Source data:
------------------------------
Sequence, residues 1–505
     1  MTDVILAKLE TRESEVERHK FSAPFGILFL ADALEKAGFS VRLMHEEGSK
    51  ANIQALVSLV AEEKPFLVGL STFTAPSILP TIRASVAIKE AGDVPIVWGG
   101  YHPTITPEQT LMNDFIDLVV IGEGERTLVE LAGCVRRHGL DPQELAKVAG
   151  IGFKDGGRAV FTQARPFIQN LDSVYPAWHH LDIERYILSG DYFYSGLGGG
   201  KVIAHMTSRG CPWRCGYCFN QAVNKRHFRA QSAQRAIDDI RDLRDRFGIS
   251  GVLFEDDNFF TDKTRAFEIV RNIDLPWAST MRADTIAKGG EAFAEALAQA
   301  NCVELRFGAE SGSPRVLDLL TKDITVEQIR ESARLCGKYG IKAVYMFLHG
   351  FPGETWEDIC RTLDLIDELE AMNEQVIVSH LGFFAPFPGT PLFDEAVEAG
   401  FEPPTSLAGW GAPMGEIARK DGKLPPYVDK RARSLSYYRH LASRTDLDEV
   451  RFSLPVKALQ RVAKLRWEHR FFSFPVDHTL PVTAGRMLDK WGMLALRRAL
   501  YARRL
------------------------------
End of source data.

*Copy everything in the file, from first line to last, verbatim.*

Sequence, residues 1–505
     1  MTDVILAKLE TRESEVERHK FSAPFGILFL ADALEKAGFS VRLMHEEGSK
    51  ANIQALVSLV AEEKPFLVGL STFTAPSILP TIRASVAIKE AGDVPIVWGG
   101  YHPTITPEQT LMNDFIDLVV IGEGERTLVE LAGCVRRHGL DPQELAKVAG
   151  IGFKDGGRAV FTQARPFIQN LDSVYPAWHH LDIERYILSG DYFYSGLGGG
   201  KVIAHMTSRG CPWRCGYCFN QAVNKRHFRA QSAQRAIDDI RDLRDRFGIS
   251  GVLFEDDNFF TDKTRAFEIV RNIDLPWAST MRADTIAKGG EAFAEALAQA
   301  NCVELRFGAE SGSPRVLDLL TKDITVEQIR ESARLCGKYG IKAVYMFLHG
   351  FPGETWEDIC RTLDLIDELE AMNEQVIVSH LGFFAPFPGT PLFDEAVEAG
   401  FEPPTSLAGW GAPMGEIARK DGKLPPYVDK RARSLSYYRH LASRTDLDEV
   451  RFSLPVKALQ RVAKLRWEHR FFSFPVDHTL PVTAGRMLDK WGMLALRRAL
   501  YARRL